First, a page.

Calls to action throughout your website
I wrote about calls to action in reference to an advertising campaign’s landing page. A recent issue of my favorite web design podcast, however, pointed out that there are, or should be, calls to action peppered throughout your site. Some are less obvious than others, and some are there as much for users as they are for your website’s bottom line.
What is a call to action?
A call to action is simply something on a web page that motivates or encourages a user to do something. Obvious example include a button to subscribe to an RSS feed, or download a file. More subtle examples include lists of “related posts” on a blog, or a “next” button on a slideshow.
As I mentioned, some calls to action are clearly meant to fulfill business objectives — such as getting a user to purchase a product, or submit a contact form. Others simply help a user navigate through a site. For example, a visitor to your website should never face a dead-end, so a call to action can point a user where to go or what to do next.
What makes an effective call to action?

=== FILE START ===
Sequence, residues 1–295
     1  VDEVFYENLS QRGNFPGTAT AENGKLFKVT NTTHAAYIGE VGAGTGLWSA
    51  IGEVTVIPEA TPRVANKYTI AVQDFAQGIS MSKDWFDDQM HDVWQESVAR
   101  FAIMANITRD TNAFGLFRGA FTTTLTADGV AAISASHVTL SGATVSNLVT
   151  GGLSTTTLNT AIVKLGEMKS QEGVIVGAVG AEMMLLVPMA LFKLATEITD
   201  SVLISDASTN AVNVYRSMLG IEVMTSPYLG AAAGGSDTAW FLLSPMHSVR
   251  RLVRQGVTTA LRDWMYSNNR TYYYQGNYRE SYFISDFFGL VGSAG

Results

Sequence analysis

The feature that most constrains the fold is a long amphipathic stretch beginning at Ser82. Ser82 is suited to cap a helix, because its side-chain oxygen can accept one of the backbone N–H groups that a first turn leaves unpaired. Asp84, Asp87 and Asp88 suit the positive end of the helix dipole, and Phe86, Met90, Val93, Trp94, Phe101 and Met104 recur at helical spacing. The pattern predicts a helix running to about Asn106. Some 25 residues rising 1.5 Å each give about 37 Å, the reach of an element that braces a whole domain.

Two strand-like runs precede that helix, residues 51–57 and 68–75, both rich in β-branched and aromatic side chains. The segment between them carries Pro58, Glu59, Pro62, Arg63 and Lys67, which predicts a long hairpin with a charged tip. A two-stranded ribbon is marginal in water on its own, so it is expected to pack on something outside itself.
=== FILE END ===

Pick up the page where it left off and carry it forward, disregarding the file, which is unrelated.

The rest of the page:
- Make it obvious. Don’t bury an important call to action down in your website’s footer in tiny print. Make it bigger, give it a prominent place, and use other visual cues.
- Use “active” language. Not necessarily commands (nobody likes a bossy website!) but, for example instead of “RSS feed”, you could say “Subscribe to our RSS feed.”
- Make it personal. A contact form submit button, for example, could say “Send us your question” rather than just “Send” or “Submit”
- Offer a carrot. Maybe someone signing up for your newsletter gets a freebie of some kind.
- Make it easy. Don’t require someone who wants to send you a question tell you their life story and physical address. Keep the barriers to completing the action low.
- Remove risk. This could be something like a “money-back guarantee” for an e-commerce site, or on a blog, a simple statement that a commenter’s email is never published or shared.
Review your site
Browse through your own website with these “call to action” principles in mind. Note where you have calls to action and if they could be improved, or where they are missing altogether.
What do you think?
No comments yet…Be the first!
Comments are closed for this article.